Dow ends at 34,000 for first time; S&P 500 notches record as jobless claims hit pandemic low, retail sales surge
The S&P 500 and Dow clinched fresh records Thursday, after economic reports continued to affirm a healthy recovery from the pandemic, highlighted by retail sales surging in March on the back of fiscal stimulus checks to consumers and jobless benefit claims falling to a fresh low for the COVID period. The Dow Jones Industrial Average
closed up more than 300 points at a fresh milestone at 34,000, on a preliminary basis, the S&P 500 index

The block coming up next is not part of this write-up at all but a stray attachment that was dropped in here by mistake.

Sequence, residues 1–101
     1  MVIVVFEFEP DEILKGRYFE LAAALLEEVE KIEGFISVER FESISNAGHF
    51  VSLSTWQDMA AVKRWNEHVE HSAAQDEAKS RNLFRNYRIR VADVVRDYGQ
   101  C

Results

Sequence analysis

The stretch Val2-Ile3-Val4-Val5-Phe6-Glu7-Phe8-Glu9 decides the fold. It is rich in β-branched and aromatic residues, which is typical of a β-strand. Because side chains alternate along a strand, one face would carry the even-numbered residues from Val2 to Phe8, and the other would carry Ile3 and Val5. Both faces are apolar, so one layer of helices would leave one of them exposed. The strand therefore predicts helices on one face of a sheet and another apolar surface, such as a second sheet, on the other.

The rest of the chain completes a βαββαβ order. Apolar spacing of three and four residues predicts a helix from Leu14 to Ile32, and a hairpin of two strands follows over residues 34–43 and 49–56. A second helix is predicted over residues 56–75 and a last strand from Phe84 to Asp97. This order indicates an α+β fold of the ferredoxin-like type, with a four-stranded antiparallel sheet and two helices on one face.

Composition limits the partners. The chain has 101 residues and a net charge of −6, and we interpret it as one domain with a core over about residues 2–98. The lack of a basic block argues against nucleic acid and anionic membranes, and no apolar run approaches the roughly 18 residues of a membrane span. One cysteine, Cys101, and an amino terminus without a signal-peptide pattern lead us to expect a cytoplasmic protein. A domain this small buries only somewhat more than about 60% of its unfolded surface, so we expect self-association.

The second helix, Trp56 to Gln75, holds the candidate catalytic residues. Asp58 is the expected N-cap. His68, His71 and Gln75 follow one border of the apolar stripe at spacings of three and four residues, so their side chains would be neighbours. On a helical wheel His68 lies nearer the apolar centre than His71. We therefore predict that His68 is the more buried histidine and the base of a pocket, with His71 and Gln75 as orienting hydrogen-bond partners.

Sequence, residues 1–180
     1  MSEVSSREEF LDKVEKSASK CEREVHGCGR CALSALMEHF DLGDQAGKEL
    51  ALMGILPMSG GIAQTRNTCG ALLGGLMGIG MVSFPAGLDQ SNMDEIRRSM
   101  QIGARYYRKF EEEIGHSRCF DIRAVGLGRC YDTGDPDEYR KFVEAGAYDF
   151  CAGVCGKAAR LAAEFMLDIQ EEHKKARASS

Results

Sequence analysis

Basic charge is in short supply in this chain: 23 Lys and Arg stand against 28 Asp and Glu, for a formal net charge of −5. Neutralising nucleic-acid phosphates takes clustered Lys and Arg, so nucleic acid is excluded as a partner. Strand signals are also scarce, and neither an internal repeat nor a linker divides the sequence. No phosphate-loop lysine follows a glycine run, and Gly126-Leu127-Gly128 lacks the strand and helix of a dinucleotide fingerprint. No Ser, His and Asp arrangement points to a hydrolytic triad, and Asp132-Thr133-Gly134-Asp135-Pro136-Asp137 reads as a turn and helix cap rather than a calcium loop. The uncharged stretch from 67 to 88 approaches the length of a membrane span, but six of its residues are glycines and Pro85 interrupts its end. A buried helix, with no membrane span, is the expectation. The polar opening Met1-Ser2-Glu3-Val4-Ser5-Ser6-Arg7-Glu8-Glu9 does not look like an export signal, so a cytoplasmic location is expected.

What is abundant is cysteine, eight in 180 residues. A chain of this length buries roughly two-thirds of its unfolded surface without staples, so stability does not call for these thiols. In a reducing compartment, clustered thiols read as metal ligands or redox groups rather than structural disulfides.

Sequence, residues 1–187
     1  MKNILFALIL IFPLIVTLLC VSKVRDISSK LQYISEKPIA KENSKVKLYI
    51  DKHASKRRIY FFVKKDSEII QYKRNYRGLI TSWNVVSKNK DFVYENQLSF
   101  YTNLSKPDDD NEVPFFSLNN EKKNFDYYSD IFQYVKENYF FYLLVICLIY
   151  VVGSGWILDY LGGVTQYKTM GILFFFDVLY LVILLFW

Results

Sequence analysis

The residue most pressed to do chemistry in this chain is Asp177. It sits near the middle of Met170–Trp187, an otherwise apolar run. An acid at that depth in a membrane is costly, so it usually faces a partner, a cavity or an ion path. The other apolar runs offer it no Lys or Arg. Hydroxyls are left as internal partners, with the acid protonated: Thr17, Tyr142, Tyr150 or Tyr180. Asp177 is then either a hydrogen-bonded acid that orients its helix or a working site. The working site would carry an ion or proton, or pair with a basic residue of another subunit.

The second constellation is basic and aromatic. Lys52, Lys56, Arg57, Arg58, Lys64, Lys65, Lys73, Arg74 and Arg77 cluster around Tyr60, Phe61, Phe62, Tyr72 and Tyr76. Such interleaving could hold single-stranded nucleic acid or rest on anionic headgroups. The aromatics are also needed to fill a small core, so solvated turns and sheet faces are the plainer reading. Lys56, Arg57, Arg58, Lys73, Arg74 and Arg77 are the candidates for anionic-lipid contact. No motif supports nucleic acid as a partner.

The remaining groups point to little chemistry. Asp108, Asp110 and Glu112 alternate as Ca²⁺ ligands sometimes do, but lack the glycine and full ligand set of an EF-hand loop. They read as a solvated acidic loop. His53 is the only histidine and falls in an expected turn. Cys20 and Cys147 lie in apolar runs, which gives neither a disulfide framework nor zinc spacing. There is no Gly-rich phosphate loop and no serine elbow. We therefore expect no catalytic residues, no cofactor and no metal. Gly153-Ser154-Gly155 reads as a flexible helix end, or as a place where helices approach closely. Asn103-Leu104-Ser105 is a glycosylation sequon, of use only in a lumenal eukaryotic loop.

notched a 1.1% advance to log its all-time closing high at around 4,170 and the Nasdaq Composite Index
finished 1.3% higher at about 14,039, marking its first finish above 14,000 since February and its third-highest close in its history. U.S. retail sales surged almost 10% in March thanks to $1,400 stimulus checks paid to consumers by the federal government. Sales climbed 9.8% last month, the government said Thursday. Economists polled by Dow Jones and The Wall Street Journal had forecast a 6.1% increase.Adding to the market’s optimism, weekly jobless benefit claims fell to a pandemic-era low. U.S. unemployment claims sank by 193,000 in the week of April 10, an unusually large decline that likely reflects both an improving economy but also continuing problems in processing applications for jobless benefits.